The Story Of The Napoleon Diamond Necklace

Image by/from Cliff from Arlington, VA (Outside Washington DC), USA

The Napoleon Diamond Necklace is a diamond necklace commissioned by Napoleon I of France c. 1811-1812. It is currently on display in the Smithsonian Institution in Washington, D.C., United States.

The Napoleon Diamond Necklace consists of 28 mine cut diamonds set into a single thread, with a fringe of alternating pendeloque and briolettes diamond cuts. The five pear-shaped pendoloques are each mounted below a small brilliant cut diamond. The four ovaline pendeloques are mounted above designs which incorporate 23 brilliant cut diamonds each. Each briolette mounting is set with 12 rose cut diamonds.

While the gems of the Napoleon Diamond Necklace have never been professionally graded by a lapidary (as they have never been removed from their mountings), infrared spectroscopic analysis of the diamonds has shown that they are primarily Type Ia. However, 13 of the 52 largest diamonds in the necklace are of the rare Type IIa variety. A number of the Type Ia diamonds show indications of sulfide crystal imperfections.

In 1810, Napoleon I of France divorced the Empress Josephine, as she proved to be incapable of producing an heir. He re-married two months later to Archduchess Marie Louise of Austria. Within a year, Marie Louise bore a son. To celebrate, in June 1811 Napoleon I commissioned the Napoleon Diamond Necklace from the Parisian jewellery firm Nitot et Fils, at a cost of 376,274 French francs. This sum was the equivalent of the Empress’s entire annual household budget. There are several contemporary portraits of Marie Louise wearing the Napoleon Diamond Necklace, including a number by the artists Francois Gerard and Giovan Battista Borghesi. Several years later, in 1815, Napoleon was exiled to Saint Helena. Marie Louise returned to Austria with the necklace and owned it until her death.

Upon the death of Marie Louise in 1847, the necklace passed to Archduchess Sophie of Austria, the wife of her brother Archduke Franz Karl of Austria. Two diamonds were removed from the necklace to shorten it, at the request of Princess Sophie. These diamonds were fitted to a pair of earrings, the location of which is now unknown. Following the death of Sophie in 1872, the Napoleon Diamond Necklace was jointly inherited by her three surviving sons, Archdukes Karl Ludwig, Ludwig Viktor, and Franz Joseph of Austria. Karl Ludwig later acquired his brothers’ stakes in the necklace, and upon his death in 1914 passed it to his third wife, Maria Theresa of Portugal.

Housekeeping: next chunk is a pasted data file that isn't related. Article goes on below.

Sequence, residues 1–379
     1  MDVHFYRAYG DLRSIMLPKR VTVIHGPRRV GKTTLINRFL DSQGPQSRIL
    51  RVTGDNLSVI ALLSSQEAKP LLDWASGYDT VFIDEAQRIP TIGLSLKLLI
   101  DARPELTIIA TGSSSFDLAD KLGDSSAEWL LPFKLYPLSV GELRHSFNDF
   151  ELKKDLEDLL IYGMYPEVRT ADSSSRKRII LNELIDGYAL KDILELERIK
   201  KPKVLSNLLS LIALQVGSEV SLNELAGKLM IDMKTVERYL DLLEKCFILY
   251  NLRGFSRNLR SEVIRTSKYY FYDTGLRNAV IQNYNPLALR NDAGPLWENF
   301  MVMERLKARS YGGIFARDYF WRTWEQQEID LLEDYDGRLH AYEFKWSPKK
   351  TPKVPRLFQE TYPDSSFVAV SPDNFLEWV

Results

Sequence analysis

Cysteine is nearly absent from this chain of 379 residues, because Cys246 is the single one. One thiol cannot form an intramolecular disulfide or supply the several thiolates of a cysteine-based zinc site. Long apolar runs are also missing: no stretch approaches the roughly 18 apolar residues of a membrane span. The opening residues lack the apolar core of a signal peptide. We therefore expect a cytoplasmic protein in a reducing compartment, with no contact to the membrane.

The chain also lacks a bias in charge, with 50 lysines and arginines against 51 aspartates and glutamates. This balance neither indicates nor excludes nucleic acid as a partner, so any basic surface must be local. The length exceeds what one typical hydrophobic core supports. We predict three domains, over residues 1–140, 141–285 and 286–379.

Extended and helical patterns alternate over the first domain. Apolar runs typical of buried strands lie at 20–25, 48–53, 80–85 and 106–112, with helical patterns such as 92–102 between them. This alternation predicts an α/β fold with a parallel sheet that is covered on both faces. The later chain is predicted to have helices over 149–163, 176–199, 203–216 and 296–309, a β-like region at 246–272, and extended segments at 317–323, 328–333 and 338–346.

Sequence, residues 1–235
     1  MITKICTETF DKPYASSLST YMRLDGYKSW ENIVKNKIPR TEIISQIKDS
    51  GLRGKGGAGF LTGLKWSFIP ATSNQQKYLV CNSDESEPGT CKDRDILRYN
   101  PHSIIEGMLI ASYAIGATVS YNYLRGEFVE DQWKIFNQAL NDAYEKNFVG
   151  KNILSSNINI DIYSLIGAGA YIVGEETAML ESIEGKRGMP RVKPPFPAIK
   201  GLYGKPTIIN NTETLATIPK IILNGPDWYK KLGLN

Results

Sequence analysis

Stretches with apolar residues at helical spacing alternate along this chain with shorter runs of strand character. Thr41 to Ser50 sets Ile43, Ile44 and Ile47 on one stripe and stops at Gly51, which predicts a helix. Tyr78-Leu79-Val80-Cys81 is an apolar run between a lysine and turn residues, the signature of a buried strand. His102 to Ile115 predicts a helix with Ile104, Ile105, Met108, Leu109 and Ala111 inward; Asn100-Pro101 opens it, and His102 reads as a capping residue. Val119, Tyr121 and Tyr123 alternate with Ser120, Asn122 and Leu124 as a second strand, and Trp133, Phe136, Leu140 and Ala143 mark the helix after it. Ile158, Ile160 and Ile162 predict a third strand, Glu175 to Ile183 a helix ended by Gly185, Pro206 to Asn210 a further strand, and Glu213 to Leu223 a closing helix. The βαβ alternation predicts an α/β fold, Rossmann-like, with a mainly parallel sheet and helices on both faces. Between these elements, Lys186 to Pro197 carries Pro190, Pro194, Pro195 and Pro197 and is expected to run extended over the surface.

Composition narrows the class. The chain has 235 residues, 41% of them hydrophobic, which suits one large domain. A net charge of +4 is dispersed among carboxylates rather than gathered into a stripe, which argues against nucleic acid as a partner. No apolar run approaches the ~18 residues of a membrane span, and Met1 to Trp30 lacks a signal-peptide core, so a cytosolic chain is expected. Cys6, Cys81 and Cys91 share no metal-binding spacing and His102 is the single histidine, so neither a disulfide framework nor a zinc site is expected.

At the start of the Great Depression in 1929, Maria Theresa engaged two people presenting themselves as “Colonel Townsend” and “Princess Baronti” to sell the necklace for US$450,000. Realising that the current economic conditions would make it almost impossible to reach the asking price, the pair began offers at $100,000, signing on Archduke Leopold of Habsburg, the destitute grandnephew of Maria Theresa, to vouch for the necklace’s authenticity. Deals were negotiated with the jewelers Harry Winston and Harry Berenson, but eventually the pair sold the necklace to David Michel of New York City for $60,000, of which the pair claimed $53,730 as expenses. When informed of the sale, Maria Theresa took the matter to court, eventually resulting in the recovery of the necklace, the jailing of Archduke Leopold, and the flight of Townsend and Baronti from the authorities.

After resolving the incident, Maria Theresa held the necklace until her death in 1944. Four years later, the Habsburg family sold it to the French industrialist Paul-Louis Weiller. In 1960, Weiller sold the Napoleon Diamond Necklace to Harry Winston, who believed that the historical value of the piece would make it more valuable than if the stones were removed and resold individually, as was common practice at the time. As such, he kept it intact, reselling it the same year to Marjorie Merriweather Post. Post donated the necklace to the Smithsonian Institution in 1962, and it has since remained on display at the National Museum of Natural History in Washington, D.C., United States.